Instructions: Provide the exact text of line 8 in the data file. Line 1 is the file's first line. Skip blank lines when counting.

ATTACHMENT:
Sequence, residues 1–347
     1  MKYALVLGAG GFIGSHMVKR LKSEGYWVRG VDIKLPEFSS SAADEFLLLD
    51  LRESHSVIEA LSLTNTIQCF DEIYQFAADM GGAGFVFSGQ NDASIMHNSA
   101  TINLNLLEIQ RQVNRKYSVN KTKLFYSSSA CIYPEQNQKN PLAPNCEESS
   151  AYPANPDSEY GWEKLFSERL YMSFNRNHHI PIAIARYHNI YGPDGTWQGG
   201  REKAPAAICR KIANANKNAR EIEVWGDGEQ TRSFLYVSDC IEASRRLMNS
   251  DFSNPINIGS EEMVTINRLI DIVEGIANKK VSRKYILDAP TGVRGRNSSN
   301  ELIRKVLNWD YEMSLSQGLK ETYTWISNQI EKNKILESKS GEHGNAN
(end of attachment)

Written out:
   301  ELIRKVLNWD YEMSLSQGLK ETYTWISNQI EKNKILESKS GEHGNAN